The fourth artist, Zhuang Hui, ponders the dam project using a so-called conceptual method. He tries hard to push an objective or non-emotional stance by making use of maps and black-and-white photography to document his project. The outcome, though, is wholly emotional—to the work’s benefit. Zhuang Hui visited several sites along the Yangtze River that he knew would soon be under water from the new reservoir. In what was perhaps the last instance of human mark-making upon these pieces of land, Zhuang Hui punched holes in the dirt using a tomb raider’s stick. With such a stick, a thief could plunge through the topsoil and see if the ground responded with a noise, or else they could peer into it. Presumably Zhuang Hui’s tool is incidental to his kilometer-long drawing in dirt, but the metaphoric implications of the tool are too powerful to ignore. In a sense he is simultaneously digging the river’s grave and plundering its treasures. To complete the project he sent a photographer to the spots where holes were punched, and only water was found there, as the river had risen to its final height.
Zhuang Hui presents his work as a grid of black-and-white photographs that show the cavities he made in the earth. Their starkness is doubled given the occurrence of an unrelated project. In the late 1990s, Chinese archaeologists made an emergency dig in the Three Gorges region, realizing that once the reservoir filled in the valley, any buried objects from centuries past would be as retrievable as the sunken city of Atlantis. Several books cataloging their excavations and findings have been published, and their bounty includes ritual objects, jars and pots from ancestors’ daily lives, writing tablets, jewelry, knives—everything from societies long gone whose livelihoods depended on the river. Likewise, ancestors appear as ghosts in the world of the living in Yun-Fei Ji’s scroll paintings. Final visits are made to relatives’ graves before they, too, become doubly buried beneath the new lake.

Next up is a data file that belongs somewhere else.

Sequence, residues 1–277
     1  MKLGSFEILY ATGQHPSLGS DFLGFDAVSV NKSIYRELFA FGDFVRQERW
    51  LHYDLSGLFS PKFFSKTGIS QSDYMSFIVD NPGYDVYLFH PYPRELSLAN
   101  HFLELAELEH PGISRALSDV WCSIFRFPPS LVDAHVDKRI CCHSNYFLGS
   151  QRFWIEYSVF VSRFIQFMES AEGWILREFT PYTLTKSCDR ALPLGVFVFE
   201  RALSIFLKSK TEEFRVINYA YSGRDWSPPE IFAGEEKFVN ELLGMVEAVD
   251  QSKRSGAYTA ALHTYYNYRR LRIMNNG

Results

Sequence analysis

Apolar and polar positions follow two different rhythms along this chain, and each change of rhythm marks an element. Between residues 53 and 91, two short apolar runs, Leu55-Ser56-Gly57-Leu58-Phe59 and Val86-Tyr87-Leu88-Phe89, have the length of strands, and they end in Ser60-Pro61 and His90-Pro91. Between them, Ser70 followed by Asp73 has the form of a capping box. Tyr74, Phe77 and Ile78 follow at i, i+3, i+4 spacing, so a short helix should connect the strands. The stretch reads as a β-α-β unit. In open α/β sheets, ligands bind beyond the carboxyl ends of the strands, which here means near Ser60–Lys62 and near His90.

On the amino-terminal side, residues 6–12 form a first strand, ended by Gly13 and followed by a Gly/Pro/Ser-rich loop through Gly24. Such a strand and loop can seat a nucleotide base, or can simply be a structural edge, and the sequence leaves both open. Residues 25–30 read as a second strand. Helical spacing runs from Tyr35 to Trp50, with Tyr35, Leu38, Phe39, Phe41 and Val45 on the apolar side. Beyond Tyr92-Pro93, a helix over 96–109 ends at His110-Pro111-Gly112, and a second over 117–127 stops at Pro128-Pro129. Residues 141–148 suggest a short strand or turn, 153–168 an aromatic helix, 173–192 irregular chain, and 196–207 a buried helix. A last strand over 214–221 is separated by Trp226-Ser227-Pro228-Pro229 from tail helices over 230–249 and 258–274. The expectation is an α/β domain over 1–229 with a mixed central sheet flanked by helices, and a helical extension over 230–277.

This past summer Wu Hung curated the well-received show “Portraying Food (and the Absence of It)” at Walsh Gallery, one of Chicago’s commercial galleries dedicated to representing art from the East. Like “Displacement,” here Wu Hung chose four Chinese artists in order to pair the human experience with a specifically Chinese perspective. Food, with all its attendant associations of sensuality, economics and mortality, proved to be a fun show to curate, and it was also another appeal to audiences to experience, in Wu Hung’s words, “life, emotion and struggles—the human element.” Soon Wu Hung will work with Shen Shaomin, an artist from the food show, to install public sculptures in Millennium Park, and later, he will publish a source book with the Museum of Modern Art on Chinese art and literature—all while graciously hosting the Chinese way in Chicago.
“Displacement: The Three Gorges Dam and Chinese Contemporary Art” shows at the Smart Museum of Art, University of Chicago, 5550 S. Greenwood Ave., through January 25, 2009.